Local literary magazine Paper Darts is currently accepting submissions for its spring short fiction contest, for which the publication has secured national author Roxanne Gay (Bad Feminist) to judge. Submissions are due by April 15, 2016, and have a 1,200-word limit.
In Twin Cities bookstore news, Micawber’s Books in St. Paul has moved—just a few feet down to a smaller space.
This Friday, March 18, the Minnesota Book Awards will host the 2016 edition of its annual Meet the Finalists event at Open Book in Minneapolis, in which finalist authors from the awards’ eight categories will read short selections from their nominated books. The event is free, and will feature book sales and signings on site at the Loft. As of March 8, 22 authors were confirmed to present.
Here on the site, Kelly reviewed Coffee House Press’s Brian Evenson, New and Reissued, which combines Evenson’s latest horror collection and three of his past books into one volume. Also in Coffee House news, Julie Iromuanya made the PEN/Faulkner Award shortlist for Mr. and Mrs. Doctor.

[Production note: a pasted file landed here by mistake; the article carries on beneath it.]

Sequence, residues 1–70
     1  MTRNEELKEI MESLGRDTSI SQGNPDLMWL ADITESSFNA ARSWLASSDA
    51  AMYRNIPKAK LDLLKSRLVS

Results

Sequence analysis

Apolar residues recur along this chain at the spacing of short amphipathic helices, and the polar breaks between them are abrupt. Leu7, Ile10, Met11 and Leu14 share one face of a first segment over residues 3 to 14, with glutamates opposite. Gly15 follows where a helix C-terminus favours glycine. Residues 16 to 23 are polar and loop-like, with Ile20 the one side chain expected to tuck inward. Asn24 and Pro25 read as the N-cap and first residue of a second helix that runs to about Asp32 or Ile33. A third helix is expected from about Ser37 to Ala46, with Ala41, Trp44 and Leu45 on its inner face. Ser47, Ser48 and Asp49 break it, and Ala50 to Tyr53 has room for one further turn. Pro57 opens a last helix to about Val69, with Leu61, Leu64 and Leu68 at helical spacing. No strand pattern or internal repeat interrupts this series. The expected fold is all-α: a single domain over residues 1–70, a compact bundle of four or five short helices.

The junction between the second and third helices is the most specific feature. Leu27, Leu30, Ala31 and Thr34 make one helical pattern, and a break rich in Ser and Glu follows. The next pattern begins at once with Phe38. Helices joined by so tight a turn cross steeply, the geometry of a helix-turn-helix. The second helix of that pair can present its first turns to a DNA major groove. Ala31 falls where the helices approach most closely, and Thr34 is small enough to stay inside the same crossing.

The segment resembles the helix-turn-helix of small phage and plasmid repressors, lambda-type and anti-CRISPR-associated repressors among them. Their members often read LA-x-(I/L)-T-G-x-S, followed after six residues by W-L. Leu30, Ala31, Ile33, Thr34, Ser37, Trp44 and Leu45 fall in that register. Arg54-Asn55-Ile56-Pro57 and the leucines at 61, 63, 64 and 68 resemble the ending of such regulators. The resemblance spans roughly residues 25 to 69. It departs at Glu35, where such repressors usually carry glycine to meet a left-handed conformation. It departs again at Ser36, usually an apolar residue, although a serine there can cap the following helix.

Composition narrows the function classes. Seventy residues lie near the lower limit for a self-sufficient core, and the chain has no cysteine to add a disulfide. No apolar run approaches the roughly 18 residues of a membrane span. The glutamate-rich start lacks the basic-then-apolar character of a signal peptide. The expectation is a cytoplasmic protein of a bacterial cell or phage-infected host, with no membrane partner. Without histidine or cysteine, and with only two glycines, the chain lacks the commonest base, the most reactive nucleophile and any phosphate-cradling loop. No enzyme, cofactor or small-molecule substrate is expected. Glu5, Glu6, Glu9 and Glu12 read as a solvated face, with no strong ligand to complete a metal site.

More movie-related Neil Gaiman news has rolled in over the last two weeks: on March 2, Deadwood and soon-to-be Game of Thrones actor Ian McShane was revealed as Mr. Wednesday in the American Gods Starz series. Fans (and series director Bryan Fuller) rejoiced. Then, on March 4, the writer for the Warner Bros. adaptation of Sandman was announced. But on March 5, Joseph Gordon-Levitt—who had been on tap to direct Sandman and star as Dream—announced his decision to pull out of the project over apparent creative differences with New Line. Although Gaiman has been involved with the production, he worked on Sandman on a work-for-hire basis: he does not have copyright claims to any of the characters or story lines. (Similarly, Fox’s series, Lucifer, is based on a character Gaiman created in Sandman.)
And, for the record, my respect for @hitRECordJoe is undiminished. Getting to know him was the best bit of the last round. He’s special.
— Neil Gaiman (@neilhimself) March 5, 2016